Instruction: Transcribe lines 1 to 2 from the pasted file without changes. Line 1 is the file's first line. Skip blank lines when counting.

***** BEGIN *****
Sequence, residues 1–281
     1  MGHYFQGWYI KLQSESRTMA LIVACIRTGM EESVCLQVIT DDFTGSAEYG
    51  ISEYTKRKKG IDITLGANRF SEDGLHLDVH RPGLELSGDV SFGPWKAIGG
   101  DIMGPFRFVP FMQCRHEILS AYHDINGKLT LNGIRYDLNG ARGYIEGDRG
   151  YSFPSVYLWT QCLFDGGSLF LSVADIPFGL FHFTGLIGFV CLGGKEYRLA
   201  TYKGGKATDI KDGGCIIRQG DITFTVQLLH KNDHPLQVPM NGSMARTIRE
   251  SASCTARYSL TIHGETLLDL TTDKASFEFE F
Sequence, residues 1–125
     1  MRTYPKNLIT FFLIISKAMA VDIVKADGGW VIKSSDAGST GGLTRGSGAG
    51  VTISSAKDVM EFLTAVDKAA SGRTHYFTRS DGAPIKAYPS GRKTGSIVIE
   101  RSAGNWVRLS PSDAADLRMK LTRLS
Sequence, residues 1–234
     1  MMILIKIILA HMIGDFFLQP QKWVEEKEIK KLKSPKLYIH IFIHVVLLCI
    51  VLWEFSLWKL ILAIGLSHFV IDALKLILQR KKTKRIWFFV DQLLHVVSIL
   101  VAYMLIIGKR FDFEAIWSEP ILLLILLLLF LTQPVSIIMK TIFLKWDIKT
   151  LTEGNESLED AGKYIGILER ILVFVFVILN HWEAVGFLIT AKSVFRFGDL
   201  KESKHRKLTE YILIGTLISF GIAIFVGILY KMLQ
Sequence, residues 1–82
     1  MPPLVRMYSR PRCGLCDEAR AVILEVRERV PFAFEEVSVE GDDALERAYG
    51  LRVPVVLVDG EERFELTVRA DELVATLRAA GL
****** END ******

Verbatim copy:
Sequence, residues 1–281
     1  MGHYFQGWYI KLQSESRTMA LIVACIRTGM EESVCLQVIT DDFTGSAEYG